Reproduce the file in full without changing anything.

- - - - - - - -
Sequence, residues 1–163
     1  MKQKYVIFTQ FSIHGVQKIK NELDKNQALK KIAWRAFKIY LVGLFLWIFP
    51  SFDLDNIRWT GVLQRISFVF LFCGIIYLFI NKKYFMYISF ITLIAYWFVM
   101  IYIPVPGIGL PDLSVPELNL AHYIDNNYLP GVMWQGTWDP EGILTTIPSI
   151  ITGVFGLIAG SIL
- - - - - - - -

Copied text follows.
Sequence, residues 1–163
     1  MKQKYVIFTQ FSIHGVQKIK NELDKNQALK KIAWRAFKIY LVGLFLWIFP
    51  SFDLDNIRWT GVLQRISFVF LFCGIIYLFI NKKYFMYISF ITLIAYWFVM
   101  IYIPVPGIGL PDLSVPELNL AHYIDNNYLP GVMWQGTWDP EGILTTIPSI
   151  ITGVFGLIAG SIL